No one is rooting against Seattle here; at least no one who remembers the devastating way the SuperSonics were sent packing for Oklahoma City. But it's impossible to ignore that Sacramento has done what Seattle couldn't do in 2008. Sacramento has done everything it has been asked to do.
“It would be unprecedented to move a team from one city to another when the fans support the team and the city is building a new arena,” Johnson said. “It has never happened in the history of the NBA.”
The owners will not be voting on emotion. They are businessmen, and this is business. And though Johnson said he does not believe Stern wants a bidding war -- “I don't think that's in the best interests of the league or either city,” he said -- that's very well what this could become. Life, as Stern often points out, is a negotiation.
But while it can be argued that the owners would do better financially if the team moved -- by virtue of the gargantuan relocation fee that they would reap -- there is a greater precedent at stake. It's called leverage in future negotiations.
Unless you haven't been paying attention, this will not be the last proposed relocation of an NBA franchise. The merry-go-round keeps spinning in Stern's NBA, even in the final months of his tenure. The next troubled market will be commissioner-elect Adam Silver's problem, and the ground rules for solving it will be established in the next two weeks with the outcome of this Sacramento-Seattle saga.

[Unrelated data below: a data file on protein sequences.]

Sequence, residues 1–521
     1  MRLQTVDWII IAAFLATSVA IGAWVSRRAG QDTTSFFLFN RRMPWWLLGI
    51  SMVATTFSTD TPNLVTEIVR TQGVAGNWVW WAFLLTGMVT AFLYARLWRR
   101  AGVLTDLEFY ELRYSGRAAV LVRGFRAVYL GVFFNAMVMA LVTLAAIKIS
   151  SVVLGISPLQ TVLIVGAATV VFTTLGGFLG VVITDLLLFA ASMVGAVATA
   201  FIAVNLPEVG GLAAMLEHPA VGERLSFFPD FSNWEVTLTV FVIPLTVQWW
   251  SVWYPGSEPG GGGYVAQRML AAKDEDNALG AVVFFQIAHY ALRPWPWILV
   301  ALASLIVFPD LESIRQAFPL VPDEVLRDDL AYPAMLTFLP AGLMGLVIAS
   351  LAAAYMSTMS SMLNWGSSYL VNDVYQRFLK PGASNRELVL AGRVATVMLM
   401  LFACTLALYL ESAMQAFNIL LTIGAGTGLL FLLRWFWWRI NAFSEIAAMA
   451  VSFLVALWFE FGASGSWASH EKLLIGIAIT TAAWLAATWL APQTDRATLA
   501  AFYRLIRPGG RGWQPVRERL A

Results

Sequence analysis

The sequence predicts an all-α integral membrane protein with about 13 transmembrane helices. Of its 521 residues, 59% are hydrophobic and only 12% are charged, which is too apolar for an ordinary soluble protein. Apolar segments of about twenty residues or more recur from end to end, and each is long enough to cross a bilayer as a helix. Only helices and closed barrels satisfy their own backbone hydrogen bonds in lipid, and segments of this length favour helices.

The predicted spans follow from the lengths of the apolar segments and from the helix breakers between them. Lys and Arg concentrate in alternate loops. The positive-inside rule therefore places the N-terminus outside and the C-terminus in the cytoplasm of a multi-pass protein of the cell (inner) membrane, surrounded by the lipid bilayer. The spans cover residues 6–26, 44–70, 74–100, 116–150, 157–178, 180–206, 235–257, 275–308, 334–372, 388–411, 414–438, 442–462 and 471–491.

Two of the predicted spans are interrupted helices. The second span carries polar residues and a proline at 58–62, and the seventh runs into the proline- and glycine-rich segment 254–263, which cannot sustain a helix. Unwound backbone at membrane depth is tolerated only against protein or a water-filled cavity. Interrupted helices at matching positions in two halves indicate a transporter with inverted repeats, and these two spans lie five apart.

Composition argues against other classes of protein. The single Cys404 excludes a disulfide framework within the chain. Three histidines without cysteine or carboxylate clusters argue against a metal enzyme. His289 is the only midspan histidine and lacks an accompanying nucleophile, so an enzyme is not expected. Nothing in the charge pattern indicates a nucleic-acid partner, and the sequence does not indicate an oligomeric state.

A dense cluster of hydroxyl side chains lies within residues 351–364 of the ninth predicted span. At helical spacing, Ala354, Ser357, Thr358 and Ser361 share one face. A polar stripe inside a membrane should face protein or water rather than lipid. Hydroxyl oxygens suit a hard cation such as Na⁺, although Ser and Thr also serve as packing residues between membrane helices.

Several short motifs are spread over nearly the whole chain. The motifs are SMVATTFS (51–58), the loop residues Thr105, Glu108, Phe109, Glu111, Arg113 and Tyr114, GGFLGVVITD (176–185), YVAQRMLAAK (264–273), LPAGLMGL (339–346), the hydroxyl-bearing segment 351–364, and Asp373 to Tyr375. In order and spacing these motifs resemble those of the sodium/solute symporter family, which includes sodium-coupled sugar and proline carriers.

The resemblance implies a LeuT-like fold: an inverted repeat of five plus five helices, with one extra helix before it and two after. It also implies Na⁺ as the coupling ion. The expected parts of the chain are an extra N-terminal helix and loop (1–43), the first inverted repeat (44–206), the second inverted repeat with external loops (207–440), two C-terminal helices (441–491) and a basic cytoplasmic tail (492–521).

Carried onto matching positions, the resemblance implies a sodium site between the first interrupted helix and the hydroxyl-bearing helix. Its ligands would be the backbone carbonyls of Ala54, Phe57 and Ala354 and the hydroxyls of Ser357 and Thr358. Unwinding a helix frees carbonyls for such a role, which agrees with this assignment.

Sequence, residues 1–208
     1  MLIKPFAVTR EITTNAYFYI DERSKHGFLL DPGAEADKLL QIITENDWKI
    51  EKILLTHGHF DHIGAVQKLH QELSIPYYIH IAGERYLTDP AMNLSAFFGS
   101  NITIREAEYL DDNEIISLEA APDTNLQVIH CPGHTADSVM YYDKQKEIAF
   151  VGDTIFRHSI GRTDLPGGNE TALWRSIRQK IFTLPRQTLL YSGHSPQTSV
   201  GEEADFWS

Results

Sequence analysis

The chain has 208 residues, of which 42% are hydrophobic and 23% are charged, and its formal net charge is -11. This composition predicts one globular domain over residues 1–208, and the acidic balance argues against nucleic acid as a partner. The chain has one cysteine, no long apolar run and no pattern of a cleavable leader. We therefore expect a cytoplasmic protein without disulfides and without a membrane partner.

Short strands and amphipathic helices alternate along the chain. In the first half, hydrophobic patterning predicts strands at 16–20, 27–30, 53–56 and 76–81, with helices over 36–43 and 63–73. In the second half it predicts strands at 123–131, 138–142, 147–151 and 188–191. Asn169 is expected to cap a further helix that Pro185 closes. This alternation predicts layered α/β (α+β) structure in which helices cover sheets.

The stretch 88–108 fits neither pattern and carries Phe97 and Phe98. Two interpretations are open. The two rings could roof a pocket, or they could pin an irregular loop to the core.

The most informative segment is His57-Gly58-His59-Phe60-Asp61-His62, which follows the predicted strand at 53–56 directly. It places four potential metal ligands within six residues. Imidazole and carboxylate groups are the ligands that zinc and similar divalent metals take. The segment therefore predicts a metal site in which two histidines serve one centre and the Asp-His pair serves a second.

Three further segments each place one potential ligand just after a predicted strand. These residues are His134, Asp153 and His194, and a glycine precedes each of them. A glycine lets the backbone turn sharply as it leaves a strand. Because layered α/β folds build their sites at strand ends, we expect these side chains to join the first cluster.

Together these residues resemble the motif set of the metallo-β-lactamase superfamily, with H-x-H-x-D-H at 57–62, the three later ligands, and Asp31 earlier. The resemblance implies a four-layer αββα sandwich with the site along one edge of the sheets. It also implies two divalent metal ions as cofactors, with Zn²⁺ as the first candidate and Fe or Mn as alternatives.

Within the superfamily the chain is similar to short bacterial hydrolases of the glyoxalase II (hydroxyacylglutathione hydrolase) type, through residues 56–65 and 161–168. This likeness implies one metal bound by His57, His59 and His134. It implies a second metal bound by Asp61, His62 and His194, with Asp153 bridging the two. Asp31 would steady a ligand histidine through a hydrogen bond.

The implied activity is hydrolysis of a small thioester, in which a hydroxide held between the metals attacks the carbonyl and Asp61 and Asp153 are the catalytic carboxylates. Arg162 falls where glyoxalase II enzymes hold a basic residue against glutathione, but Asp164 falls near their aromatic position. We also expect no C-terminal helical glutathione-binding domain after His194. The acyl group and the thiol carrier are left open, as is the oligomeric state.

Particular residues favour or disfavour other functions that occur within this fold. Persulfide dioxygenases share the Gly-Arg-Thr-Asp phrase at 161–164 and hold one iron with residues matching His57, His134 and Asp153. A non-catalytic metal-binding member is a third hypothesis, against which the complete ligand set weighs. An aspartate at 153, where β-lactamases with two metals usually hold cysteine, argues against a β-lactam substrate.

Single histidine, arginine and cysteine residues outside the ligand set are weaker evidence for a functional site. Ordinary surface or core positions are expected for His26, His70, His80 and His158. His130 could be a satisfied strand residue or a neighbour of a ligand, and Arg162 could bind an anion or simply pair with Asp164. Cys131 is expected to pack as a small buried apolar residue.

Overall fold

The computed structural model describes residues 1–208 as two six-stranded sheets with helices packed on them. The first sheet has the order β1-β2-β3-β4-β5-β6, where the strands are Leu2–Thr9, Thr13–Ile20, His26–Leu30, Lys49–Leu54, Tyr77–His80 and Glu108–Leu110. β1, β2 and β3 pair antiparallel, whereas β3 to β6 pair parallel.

The leverage that sports leagues and owners have long held over cities has been the following threat: Build a new arena for us, or we're leaving. So what happens if Milwaukee, for example, receives such a threat several years down the road? And what happens if Milwaukee says, “Sacramento was ready to build you a new arena, twice, and you moved the team, anyway. Go threaten somebody else.”
“That's why it would be a bad precedent,” Johnson said. “It would be a horrible precedent for the NBA to do that. We've met every benchmark, every milestone, every goal, every objective, everything that has been laid out -- we've met. And you just don't do that to a community that has done everything you've asked of it.”
As Johnson prepares for Sacramento's final stand, amid the subtle signs of springtime in New York, he can step before the owners knowing he has done everything in his power. He's held up his end of the deal.
A book about all this is there for the writing, I told Johnson on Monday night, but the fearless mayor of Sacramento quickly corrected me.
“It's got to have a good ending,” he said, “for me to think about writing a book.”